So how about a grandchild born in another '5' year, 2015? It could happen!

Next, big family events such as graduations, weddings and babies.
It's been a busy ten years:
Graduations - 2001, 2003, 2005, 2006, 2007, 2008, 2010 and this Saturday, 2012!
Weddings - 2007 and 2009
Babies - 2010, 2011, 2012

Finally, and this dawned on me as I drifted off to sleep last night, I am blessed by the number 3 right now. For many years, it was 3 boys and 1 girl and I never really thought much about it evening up someday.
But now!
3 sons, 3 daughters, and 3 granddaughters!

This is super amazing to me and there's a decent chance there will be more.
But even if our family stays this size, I am thankful and blessed for the numbers I have:
1 husband and
9 offspring!

Monday, May 14, 2012

the Kokosing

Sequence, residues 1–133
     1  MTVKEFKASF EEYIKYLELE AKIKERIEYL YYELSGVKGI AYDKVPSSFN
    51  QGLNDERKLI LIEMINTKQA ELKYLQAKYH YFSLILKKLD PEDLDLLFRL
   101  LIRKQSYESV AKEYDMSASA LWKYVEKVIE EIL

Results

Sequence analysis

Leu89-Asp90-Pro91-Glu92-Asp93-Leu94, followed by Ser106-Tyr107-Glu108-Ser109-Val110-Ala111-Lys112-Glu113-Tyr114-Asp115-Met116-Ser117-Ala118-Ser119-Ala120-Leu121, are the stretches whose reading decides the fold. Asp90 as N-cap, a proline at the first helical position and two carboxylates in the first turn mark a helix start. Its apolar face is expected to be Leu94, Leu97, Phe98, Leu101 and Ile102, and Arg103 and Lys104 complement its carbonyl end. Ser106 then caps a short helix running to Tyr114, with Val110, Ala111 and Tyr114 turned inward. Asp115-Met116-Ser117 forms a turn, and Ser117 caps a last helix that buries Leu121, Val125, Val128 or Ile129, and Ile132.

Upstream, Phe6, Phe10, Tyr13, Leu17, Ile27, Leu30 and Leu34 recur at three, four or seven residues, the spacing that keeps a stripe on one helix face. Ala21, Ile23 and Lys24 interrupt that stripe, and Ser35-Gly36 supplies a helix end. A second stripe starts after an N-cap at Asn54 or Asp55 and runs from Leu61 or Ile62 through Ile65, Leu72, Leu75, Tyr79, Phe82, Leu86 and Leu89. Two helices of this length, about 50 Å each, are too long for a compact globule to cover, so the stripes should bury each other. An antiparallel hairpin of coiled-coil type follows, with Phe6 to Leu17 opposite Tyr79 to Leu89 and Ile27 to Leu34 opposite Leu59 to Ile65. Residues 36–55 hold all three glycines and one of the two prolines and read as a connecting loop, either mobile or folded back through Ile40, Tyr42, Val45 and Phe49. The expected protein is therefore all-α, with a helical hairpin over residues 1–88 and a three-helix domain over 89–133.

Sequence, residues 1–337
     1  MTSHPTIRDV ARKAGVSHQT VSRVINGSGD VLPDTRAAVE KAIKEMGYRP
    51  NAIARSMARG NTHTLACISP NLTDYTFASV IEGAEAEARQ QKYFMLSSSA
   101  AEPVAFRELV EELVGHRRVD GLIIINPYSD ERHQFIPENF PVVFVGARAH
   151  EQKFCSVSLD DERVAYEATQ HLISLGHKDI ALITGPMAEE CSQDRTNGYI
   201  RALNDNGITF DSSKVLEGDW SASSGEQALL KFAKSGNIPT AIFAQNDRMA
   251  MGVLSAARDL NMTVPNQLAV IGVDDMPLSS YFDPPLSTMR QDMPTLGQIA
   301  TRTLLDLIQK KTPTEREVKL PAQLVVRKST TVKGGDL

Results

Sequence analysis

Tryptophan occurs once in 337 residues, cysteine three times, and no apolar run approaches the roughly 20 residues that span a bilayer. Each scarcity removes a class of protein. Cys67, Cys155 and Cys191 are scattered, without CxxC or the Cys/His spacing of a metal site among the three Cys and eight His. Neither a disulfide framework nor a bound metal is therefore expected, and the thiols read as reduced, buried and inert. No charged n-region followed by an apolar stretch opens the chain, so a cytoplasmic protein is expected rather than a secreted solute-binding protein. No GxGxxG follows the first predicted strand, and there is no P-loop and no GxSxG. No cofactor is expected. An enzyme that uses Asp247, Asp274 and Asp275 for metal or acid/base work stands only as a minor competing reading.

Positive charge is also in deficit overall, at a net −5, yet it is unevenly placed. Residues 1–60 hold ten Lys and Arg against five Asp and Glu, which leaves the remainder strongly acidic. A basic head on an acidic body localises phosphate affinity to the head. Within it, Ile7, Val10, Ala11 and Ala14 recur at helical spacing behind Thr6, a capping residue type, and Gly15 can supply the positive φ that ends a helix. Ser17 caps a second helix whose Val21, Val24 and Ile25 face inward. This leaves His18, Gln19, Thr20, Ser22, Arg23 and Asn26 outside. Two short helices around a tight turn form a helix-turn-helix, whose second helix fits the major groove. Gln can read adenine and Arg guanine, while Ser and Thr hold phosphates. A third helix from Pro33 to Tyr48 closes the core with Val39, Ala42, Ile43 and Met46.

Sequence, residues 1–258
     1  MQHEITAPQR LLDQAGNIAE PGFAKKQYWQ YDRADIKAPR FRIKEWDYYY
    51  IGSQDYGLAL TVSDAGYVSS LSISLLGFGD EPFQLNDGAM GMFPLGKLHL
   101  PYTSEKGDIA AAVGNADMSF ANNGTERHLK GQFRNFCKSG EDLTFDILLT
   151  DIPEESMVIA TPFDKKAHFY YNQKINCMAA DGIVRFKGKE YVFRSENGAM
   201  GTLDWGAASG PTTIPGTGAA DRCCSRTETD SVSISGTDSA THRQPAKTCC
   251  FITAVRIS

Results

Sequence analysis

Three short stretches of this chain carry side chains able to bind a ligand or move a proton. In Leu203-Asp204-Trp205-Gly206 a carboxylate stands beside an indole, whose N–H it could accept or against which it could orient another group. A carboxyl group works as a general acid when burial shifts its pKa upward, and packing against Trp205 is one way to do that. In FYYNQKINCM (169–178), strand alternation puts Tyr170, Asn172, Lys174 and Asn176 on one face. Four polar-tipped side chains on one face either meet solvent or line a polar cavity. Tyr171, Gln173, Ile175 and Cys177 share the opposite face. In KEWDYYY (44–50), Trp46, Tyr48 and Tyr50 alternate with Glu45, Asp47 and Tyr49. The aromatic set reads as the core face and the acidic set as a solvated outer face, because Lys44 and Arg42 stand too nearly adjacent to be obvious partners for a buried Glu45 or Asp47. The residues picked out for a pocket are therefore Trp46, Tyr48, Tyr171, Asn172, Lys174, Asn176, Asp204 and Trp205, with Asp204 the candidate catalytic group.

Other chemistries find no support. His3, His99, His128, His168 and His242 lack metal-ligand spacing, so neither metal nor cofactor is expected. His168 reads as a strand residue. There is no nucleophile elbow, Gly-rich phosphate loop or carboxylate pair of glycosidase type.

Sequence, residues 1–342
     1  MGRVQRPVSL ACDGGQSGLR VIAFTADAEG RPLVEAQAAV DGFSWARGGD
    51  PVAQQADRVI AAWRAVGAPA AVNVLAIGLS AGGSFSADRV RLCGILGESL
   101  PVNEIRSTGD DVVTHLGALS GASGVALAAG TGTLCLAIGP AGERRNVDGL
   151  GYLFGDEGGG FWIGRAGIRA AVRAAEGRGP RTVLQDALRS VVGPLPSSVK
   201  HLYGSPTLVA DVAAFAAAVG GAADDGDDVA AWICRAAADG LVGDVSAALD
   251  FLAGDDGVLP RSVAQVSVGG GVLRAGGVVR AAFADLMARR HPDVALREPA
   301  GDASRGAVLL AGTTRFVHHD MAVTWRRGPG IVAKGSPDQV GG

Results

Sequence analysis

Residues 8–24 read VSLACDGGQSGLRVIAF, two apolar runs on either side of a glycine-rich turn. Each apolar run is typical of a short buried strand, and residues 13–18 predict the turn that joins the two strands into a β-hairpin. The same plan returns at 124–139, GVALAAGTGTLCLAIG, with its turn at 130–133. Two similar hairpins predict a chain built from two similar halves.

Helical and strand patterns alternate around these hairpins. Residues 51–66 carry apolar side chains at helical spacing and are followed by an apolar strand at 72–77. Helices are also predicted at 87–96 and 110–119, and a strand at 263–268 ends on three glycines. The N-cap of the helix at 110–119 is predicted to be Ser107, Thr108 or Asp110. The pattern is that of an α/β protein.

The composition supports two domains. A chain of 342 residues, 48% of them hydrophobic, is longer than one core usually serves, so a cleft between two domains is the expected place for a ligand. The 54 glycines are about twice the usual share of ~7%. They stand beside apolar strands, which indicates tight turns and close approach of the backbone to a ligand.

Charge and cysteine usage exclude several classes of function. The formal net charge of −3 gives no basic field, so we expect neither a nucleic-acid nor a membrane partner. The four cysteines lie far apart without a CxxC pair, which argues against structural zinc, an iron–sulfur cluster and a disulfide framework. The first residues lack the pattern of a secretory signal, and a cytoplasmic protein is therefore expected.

Friday was a stellar day so after a morning of chores, we loaded the bikes and headed northeast, near Mt. Vernon, Ohio. The Kokosing Gap trail. Maybe you remember this post about one of our favorite trails.

The trail meanders along and over the Kokosing River. We spotted
lots of birds, including a pair of herons soaring over the river.

Bill's the more determined rider and rode another couple miles while I snacked on trail mix,
enjoyed the view at Kenyon College (trail goes right by it) and shot photographs.

An Amish buggy surprised us as it clipped by right near this train.
I was so surprised I didn't have time for a photo.

I'm thankful we have the time and good health for these rides!

Saturday, May 12, 2012

the plainest of days

My daughter-in-love Jenny wrote a recent blog post about the ordinary happenings in life with toddlers. You can read it here. It got me thinking about the imperceptible value in our plainest of days. I think mothers are the most aware of this. Or should be.